COLD DARK MATTER by Alex Brett (Dundurn), 348 pages, $11.99 paper. Rating: NNNN Rating: NNNN
What more intriguing premise for a mystery novel than dark matter, that powerful, unseen force in the universe that can only be observed through its gravitational pull on other objects.
In Alex Brett's brainy scientific mystery, Cold Dark Matter, Ottawa research fraud investigator Morgan O'Brien heads to Hawaii after an astro-nomer commits suicide on the bleak summit of Mauna Kea and his research diaries go missing. The repercussions land her in the scientific community, where she discovers a shameful secret born out of Canada's 60s involvement in the Cold War.
All the substance of a good whodunit is here. There's lots of high-speed action, real technology, murder, kidnappings, treks up to the windswept observatory that make your head spin, and a smart, kick-ass female protagonist. And it manages to be up-to-the-minute Morgan's best friend is transgendered, her source a gay journalist without being one of those trendy, style-page novels.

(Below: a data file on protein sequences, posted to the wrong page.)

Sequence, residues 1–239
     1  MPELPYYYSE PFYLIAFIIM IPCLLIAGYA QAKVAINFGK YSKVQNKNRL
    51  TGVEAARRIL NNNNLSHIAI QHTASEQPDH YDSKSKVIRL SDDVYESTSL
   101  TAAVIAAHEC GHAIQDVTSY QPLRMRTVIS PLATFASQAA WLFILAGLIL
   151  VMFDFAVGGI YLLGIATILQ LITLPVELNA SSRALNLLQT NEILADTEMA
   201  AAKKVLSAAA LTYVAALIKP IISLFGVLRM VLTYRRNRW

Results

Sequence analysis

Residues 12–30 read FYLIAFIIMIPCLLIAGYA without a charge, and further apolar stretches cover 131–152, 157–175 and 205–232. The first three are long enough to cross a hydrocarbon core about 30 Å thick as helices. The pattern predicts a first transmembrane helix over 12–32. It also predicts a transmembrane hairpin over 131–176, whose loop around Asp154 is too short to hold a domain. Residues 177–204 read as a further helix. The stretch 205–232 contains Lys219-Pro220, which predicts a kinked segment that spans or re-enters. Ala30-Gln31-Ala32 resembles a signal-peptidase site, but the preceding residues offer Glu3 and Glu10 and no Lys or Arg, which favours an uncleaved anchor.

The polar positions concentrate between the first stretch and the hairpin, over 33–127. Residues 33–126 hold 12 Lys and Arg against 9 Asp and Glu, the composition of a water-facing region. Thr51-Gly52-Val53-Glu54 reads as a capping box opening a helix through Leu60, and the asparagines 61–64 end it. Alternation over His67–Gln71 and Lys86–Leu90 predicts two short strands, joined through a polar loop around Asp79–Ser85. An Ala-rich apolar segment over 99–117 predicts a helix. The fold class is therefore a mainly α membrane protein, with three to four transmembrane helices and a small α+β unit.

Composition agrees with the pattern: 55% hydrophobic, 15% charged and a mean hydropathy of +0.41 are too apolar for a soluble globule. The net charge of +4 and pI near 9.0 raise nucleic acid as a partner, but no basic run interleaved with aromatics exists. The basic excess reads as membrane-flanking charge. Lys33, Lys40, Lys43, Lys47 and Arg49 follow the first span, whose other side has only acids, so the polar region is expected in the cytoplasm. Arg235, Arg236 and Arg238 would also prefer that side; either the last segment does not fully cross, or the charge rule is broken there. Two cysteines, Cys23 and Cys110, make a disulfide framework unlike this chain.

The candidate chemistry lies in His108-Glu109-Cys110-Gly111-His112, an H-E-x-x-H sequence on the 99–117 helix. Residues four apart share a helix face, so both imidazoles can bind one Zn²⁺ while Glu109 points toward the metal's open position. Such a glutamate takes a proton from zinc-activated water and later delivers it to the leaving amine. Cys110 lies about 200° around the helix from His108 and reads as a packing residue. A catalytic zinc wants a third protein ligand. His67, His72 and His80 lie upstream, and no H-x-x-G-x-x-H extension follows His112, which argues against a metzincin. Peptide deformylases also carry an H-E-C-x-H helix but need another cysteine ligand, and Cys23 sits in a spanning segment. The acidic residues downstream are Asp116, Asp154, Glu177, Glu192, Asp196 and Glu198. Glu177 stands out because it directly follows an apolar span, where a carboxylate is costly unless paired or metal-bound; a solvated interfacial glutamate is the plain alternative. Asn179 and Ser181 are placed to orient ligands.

Brett's writing is as precise as the lens on the Franco-Canadian telescope the astronomer is found hanging from, and she brings star imagery into the picture without a glitch, describing a spiral galaxy sweeping out in the deep vacuum of space as milk mixing with coffee in slow rotation.
I like Morgan O'Brien's unquenchable thirst for strong coffee and the cold, hard facts. In the end, what she discovers is how one scientist's small miscalculation and his attempt to cover it up set off a chain reaction that affects the lives of a whole generation.
But after the plot's cosmic dust settles, Morgan herself remains a bit of an enigma. Like the dark matter she's been tracking, we never really get to see her.
Brett is nominated for the Arthur Ellis Award for best novel, to be awarded at the Bloody Words conference. See Readings.